1. Not too long ago, Pluto was "demoted" because it no longer met the criteria for being a full-fledged planet. Similarly, in order to be classified as a star (and not, say, a proto-star, or ... etc.), a cosmic body must meet a number of requirements.

  2. Imagine that your field binoculars are way out of focus and all you can see is undifferentiated blur. You start adjusting them, turning the knob ever so slowly, until suddenly there comes a moment when you can see shapes. They're still blurry, but they're definitely shapes: trees, houses, the sky, etc. Only a second ago you couldn't tell which was which, but now you can.

In that sense, has the birth of a new star ever been registered?

It is theorized that approximately three new stars are formed in the Milky Way each year. That is the official, approved, paradigm-friendly view.

Three new stars. Every year. That's 300 stars in the last hundred years.

No matter how slow the process of star formation may be, there must always come a moment when a budding star enters a registerable new phase.

The distance between this new star and the Sun and the appropriate time lapse are irrelevant, since three stars per year has been the standard rate for billions of years. It is therefore of no consequence whatsoever whether the star entered said phase in Aristotle's time or Moses' time or even before the Earth-as-a-planet became, cosmically speaking, a thing. Formation phase changes remain formation phase changes no matter how far in the past they occurred. They don't get depreciated with time.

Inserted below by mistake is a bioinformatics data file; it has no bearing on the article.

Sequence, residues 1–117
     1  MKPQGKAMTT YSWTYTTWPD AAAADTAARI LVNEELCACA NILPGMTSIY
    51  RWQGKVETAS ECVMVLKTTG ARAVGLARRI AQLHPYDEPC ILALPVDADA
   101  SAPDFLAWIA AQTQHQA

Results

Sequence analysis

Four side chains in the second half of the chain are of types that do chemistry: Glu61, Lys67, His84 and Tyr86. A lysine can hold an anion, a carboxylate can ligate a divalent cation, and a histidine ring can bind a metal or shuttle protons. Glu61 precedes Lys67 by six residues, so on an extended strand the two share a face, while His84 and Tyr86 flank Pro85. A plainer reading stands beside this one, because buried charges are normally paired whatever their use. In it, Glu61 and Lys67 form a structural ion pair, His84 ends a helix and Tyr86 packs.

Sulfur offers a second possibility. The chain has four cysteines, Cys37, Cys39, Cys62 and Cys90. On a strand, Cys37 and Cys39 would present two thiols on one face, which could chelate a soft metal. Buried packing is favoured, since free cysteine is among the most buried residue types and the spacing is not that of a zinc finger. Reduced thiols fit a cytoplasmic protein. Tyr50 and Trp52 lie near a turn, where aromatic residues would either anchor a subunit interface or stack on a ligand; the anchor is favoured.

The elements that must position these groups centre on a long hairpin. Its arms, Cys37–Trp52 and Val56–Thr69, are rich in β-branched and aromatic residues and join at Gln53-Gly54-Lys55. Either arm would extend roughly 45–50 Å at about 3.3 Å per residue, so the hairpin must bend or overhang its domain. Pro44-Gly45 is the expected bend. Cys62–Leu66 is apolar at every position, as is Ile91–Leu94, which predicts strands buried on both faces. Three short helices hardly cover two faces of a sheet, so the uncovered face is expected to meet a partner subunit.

A theory (as opposed to a hypothesis) requires a healthy evidence/conjecture ratio.

With all of the above in mind: has the birth of a new star ever been actually directly observed and registered? (I.e. does direct evidence in favor of the process actually exist?)

And if not, is it safe to say, that for all we know, star formation is no longer a thing in the Milky Way, and/or, for that matter, in the rest of the Universe?

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  • $\begingroup$ Comments are not for extended discussion; this conversation has been moved to chat. $\endgroup$
    – Connor Garcia
    Jul 9, 2022 at 17:46
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    $\begingroup$ @ConnorGarcia How very noble, courteous, and helpful of you! $\endgroup$
    – Ricky
    Jul 9, 2022 at 17:48

2 Answers 2


Stellar evolution is not a fast process. And the Galaxy is HUGE and we see a tiny fraction of it.

Even once the protostar is formed, the evolution from the protostar to the main sequence star takes hundret of thousand of years and until it reaches the main sequence. As the star moves during its evolution over millenia along the Hayashi track, it changes luminosity gradually. Along this path there is not one single point where you can say "now it is main sequence". In terms of stellar evolution in the pre-main sequence a "moment" lasts thus several hundret to thousands of years - such stars are known.